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Transcript of NSEL SCAM
National level, electronic and transparent spot market, started live trading in October 2008. It is promoted by
Financial Technologies India Ltd (FTIL) and National Agricultural Cooperative Marketing Federation of India (NAFED).
The NSEL provides a platform for auction and trading of various commodities including agricultural products, grain, bullion, metal and energy. the NSEL is a
exchange, meaning it can offer trading for delivery of physical stock of commodities within a short period allowed for settlement.
Buys a commodity on T=2 settlement basis and then simultaneously sells the same commodity for a T+25 settlement at a higher price
• A lender cud earn upto 11-15% annualised returns
• Lenders were mostly high net worth individuals looking for a 12 to 18 per cent returns
• The lender sells the contracts and simultaneously buys a 30 day forward contract while pocketing the difference,
How NSEL messed up?
• Such contracts, according to the government, amount to short-selling, where an individual sold the contract without actually owning the underlying commodity.
• Second, spot exchanges cannot offer contracts whose tenure exceeded 11 days. However, NSEL was offering contracts over T+10 settlement cycle. It allowed buyers who could not pay for commodities they bought more time and sellers who could not deliver commodities sold on time. This amounted to forward trading, which is in violation of NSEL’s mandate.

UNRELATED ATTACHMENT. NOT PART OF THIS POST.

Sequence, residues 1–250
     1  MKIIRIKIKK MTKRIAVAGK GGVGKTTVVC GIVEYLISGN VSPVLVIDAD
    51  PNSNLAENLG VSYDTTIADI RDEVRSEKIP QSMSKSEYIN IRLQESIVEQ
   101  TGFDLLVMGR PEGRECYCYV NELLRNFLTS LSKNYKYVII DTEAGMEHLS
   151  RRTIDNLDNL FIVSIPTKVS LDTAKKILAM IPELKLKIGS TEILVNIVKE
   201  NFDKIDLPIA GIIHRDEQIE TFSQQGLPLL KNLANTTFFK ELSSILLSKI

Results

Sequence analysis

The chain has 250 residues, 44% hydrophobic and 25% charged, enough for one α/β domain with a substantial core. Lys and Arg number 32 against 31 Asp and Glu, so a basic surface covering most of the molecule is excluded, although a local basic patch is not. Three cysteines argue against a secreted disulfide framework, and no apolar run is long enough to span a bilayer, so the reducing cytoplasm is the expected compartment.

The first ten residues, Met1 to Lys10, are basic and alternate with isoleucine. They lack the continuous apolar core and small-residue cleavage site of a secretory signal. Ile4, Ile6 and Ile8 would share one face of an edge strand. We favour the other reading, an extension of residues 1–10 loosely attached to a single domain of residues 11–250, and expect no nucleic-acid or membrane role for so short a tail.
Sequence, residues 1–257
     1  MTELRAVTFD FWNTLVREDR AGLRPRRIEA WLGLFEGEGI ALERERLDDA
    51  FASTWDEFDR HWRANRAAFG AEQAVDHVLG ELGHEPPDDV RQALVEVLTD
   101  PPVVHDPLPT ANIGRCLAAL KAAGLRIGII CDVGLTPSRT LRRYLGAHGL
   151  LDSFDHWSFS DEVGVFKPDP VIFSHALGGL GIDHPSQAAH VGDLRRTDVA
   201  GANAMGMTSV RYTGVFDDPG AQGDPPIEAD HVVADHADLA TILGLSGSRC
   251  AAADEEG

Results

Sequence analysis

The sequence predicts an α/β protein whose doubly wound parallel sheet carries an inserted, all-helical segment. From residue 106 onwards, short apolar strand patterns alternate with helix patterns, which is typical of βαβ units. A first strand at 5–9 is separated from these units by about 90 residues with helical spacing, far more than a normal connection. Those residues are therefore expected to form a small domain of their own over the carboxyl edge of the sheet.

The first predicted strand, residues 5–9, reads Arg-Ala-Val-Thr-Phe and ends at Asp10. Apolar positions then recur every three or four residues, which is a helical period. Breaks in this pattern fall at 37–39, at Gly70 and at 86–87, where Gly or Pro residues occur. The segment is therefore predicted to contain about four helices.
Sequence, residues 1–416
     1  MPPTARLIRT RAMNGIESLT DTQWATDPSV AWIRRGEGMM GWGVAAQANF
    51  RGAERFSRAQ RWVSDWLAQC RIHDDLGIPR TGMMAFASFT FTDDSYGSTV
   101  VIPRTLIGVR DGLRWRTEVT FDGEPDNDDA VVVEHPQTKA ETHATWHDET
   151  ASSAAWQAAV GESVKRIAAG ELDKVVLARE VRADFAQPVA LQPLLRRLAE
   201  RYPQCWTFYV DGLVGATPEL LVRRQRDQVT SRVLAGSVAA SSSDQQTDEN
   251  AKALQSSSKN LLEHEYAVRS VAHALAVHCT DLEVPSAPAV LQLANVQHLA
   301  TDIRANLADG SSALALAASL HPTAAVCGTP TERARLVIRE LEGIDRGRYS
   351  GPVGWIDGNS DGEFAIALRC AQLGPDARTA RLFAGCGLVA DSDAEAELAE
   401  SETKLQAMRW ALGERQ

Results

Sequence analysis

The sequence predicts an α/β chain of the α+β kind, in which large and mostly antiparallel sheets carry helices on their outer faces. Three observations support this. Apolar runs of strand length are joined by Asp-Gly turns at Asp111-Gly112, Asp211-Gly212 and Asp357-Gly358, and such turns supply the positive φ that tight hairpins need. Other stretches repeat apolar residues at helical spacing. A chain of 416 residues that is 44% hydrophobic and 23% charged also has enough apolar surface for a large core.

Third, FMC, the commodity market regulator, pointed out that it was not compulsory on the part of sellers to deposit the commodity in warehouses before taking a short position
• Under the guise of spot trading, NSEL was offering forward trading facility to investors without proper margin and settlement systems. NSEL was taking advantage of a regulatory gap. Being a spot exchange NSEL was regulated by the Agricultural Produce Market Committee (APMC), a board set up by state governments.
o The forward trading in commodities come under the domain of Forward Market Commission (FMC), a more stringent regulator.
way forward for NSEL
The Government is said to be readying new regulations to govern spot exchanges to plug these loopholes. Until then NSEL will not be allowed to launch any new contract. The structure of the now suspended contracts could change based on the new regulation. Meanwhile, SEBI has sought details from various brokers on their exposure to contracts on NSEL
What is a Spot Exchange?
A spot exchange is an electronic version of the age-old mandi, where buyers and sellers meet to exchange goods and money. National Spot Exchange floated by Financial technologies,
The deals happened through the National Spot Exchange. The underlying stock was commodities:
the transaction may comprise buying a crop from the farmer and selling it to the miller. For instance,
the investor will enter into a 3- or 4-day buy contract and a 20- or 25-day sell contract. The exchange
claimed it reduced the cost of processors
• Sold his commodity on a T+2 basis , received funds upfront and then paid back the funding
on a T+25 basis
• The borrower- the current lending rates in certain sectors are amlost equivalent to this arrangement
• These players benefitted from credit which they got with practically no questions asked. If these